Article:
Google Scholar

12. Dror DM, Vellakkal S. Is RSBY India’s platform to implementing universal hospital insurance? Indian J Med Res (2012) 135(1):56–63. doi:10.4103/0971-5916.93425

PubMed Abstract | CrossRef Full Text | Google Scholar

13. Nandi A, Ashok A, Laxminarayan R. The socioeconomic and institutional determinants of participation in India’s health insurance scheme for the poor. PLoS One (2013) 8(6):e66296. doi:10.1371/journal.pone.0066296

CrossRef Full Text | Google Scholar

14. Devadasan N, Seshadri T, Trivedi M, Criel B. Promoting Universal Financial Protection: Evidence from the Rashtriya Swasthya Bima Yojana (RSBY) in Gujarat, India. Health Research Policy and Systems (2013) 11:29. doi:10.1186/1478-4505-11-29

CrossRef Full Text | Google Scholar

15. Rathi P, Mukherji A, Sen G. Rashtriya Swasthya Bima Yojana: evaluating utilisation, roll-out and perceptions in Amravati district, Maharashtra. Econ Polit Wkly (2012) 47(39):57–64.

Google Scholar

16. Soors W, Seshadri T. Health Inc methodology and the SPEC-by-step tool. In: Criel B, Brouwere VD, Damme WV, Marchal B, editors. Health Inc – Towards Equitable Coverage and More Inclusive Social Protection in Health. Antwerp: ITG Press, Health Inc. Consortium (2014). p. 21–32.

Google Scholar

17. Dreze J, Khera R. The BPL Census and Possible Alternatives. (Vol. 45). Mumbai: Economic and Political Weekly (2010). p. 54–63. Available from:

Google Scholar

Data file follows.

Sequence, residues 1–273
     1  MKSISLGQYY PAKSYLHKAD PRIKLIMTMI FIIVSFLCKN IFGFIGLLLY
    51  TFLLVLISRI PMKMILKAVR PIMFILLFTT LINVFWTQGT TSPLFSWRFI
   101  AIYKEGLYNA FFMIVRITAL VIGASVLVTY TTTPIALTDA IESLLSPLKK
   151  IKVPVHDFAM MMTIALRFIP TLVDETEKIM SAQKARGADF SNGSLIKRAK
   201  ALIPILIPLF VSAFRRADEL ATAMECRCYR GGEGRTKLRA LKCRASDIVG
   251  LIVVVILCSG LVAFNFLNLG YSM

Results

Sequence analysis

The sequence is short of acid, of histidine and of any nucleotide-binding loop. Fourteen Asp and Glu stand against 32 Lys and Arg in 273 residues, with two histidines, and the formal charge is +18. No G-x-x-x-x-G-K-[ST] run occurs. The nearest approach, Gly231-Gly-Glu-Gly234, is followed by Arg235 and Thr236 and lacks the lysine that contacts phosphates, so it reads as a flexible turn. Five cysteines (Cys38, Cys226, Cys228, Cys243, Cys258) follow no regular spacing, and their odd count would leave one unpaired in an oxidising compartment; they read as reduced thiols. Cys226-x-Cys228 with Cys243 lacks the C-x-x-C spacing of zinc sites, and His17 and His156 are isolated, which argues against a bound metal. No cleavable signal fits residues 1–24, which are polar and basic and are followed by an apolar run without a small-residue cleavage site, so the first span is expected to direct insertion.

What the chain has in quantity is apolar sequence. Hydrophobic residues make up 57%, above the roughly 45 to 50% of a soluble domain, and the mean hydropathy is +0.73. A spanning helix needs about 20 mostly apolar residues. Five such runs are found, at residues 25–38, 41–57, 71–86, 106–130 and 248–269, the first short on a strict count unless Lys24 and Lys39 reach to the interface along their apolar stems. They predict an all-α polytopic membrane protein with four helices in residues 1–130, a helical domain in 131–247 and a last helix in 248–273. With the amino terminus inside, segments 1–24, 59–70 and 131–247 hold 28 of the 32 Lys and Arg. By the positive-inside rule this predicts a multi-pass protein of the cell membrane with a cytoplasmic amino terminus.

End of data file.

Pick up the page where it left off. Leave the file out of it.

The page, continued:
18. Murgai R, Palacios R. Suggestions for Data Management in the next BPL Census – Lessons from RSBY. Mimeo: World Bank (2010).

Google Scholar

19. Ghosh S, Mladovsky P. Social exclusion and its effect on enrolment in RSBY in Maharashtra, India. In: Criel B, Brouwere VD, Damme WV, Marchal B, editors. Health Inc – Towards Equitable Coverage and More Inclusive Social Protection in Health. Antwerp: ITG Press, Health Inc. Consortium (2014). p. 115–27.

Google Scholar

20. Seshadri T, Ganesh G. Karnataka case study summary. In: Criel B, Brouwere VD, Damme WV, Marchal B, editors. Health Inc – Towards Equitable Coverage and More Inclusive Social Protection in Health. Antwerp: ITG Press, Health Inc. Consortium (2014). p. 71–84.

Google Scholar

21. Michielsen J, Criel B, Devadasan N, Soors W, Wouters E, Meulemans H. Can health insurance improve access to quality care for the Indian poor? Int J Qual Health Care (2011) 23(4):471–86. doi:10.1093/intqhc/mzr025